Selection of Anchors
Development and Challenges
In general, the traditional catenary mooring positioning system occupies an important position in the mooring positioning system of the mobile platform. However, the influencing factors to be considered in deep-water mooring systems are more complicated than those in shallow water, and their research needs more attention and consideration. On the one hand, the traditional steel anchor chain and wire rope system, with the increase of water depth, its self-weight increases, and horizontal stiffness decreases sharply, while the weight increase leads to the increase of the cost, and it will also cause the multifaceted impact about deployment and recovery of the mooring system. On the other hand, the new concept and new materials for the deep-water mooring system are continuously developed. For example, polyester ropes with light weight and high strength and weight ratio have replaced steel cables in some cases. The application of the new material can not only reduce the weight of the mooring system, but also its mechanical properties are improved to suit deep water. The lightweight catenary mooring system developed in recent years overcomes many shortcomings of the traditional catenary mooring system in deep sea mooring, but neither the lightweight catenary line nor the traditional can’t overcome the excessive deviation of the horizontal level under sea conditions; the greater the water depth, the more obvious this shortcoming. In addition, the use of such mooring systems in deep water requires a large number of mooring lines of larger diameter, which can take up a lot of space on the installation vessel. There are many problems that need to be solved, and the effectiveness and economy of the multiple component systems also need further study.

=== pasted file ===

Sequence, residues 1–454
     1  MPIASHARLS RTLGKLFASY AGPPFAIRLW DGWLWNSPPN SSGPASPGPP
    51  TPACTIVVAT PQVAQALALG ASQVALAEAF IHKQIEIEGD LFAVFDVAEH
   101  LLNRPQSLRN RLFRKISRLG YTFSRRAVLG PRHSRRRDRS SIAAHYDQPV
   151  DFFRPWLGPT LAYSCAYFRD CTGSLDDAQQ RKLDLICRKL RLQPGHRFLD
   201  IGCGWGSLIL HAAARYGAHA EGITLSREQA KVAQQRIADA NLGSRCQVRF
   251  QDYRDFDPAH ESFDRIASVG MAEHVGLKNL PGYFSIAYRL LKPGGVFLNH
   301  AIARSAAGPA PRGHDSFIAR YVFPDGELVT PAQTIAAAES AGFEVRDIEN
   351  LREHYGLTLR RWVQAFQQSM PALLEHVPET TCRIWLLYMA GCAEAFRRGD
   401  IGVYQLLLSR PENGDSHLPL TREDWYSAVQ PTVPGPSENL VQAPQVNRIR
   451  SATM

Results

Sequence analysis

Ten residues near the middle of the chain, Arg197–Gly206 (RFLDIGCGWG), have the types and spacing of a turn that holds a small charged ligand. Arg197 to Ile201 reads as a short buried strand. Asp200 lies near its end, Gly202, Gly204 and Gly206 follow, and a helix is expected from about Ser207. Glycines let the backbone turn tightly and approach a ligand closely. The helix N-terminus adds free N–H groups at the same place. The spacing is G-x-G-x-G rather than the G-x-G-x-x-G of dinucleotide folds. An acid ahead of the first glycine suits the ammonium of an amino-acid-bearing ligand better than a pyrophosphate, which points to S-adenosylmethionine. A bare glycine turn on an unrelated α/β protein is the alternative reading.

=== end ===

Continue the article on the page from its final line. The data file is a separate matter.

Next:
- American Petroleum Institute (API) (2005) Design and analysis of station keeping systems for floating structures. API recommended practice 2SK, 3rd edn. API Publishing Services, Washington, DCGoogle Scholar
- Banfield SJ, Flory JF (2009) Improved mooring line technology for tankers and gas carriers at exposed berths [C], OCEANS 2009 MTS/IEEE, Biloxi, Mississippi, USA. pp 1–10Google Scholar
- Kato S (1982) 24. A program for two-dimensional dynamic analysis of forces on mooring line by use of lumped mass method (an outline of programs compiled in Ship Research Institute-No. 5). Nutrients 21(4):247–249Google Scholar
- Ma G, Sun LP, Shang-Mao AI et al (2015) A nonlinear mechanical model for extensible slender rods. Appl Math Mech 36(4):371–377Google Scholar
- Ruinen R, Degenkamp G (2001) Anchor selection and installation for shallow and deepwater mooring systems. In: The eleventh international offshore and polar engineering conference. International Society of Offshore and Polar Engineers, Stavanger, p 7Google Scholar
- Samad FIA (2009) Performance of catenary mooring system. TJ Mechanical Engineering & MachineryGoogle Scholar
- Vryhof anchors b.v., krimpen a/d yssel, the Netherlands, 2005Google Scholar
- Webster WC, Lambrakos K, Kim J, Jing X (2012) Rod dynamics with large stretch. In: Proceedings of the ASME 2012 31st international conference on Ocean, Offshore and Arctic Engineering, Rio de JaneiroGoogle Scholar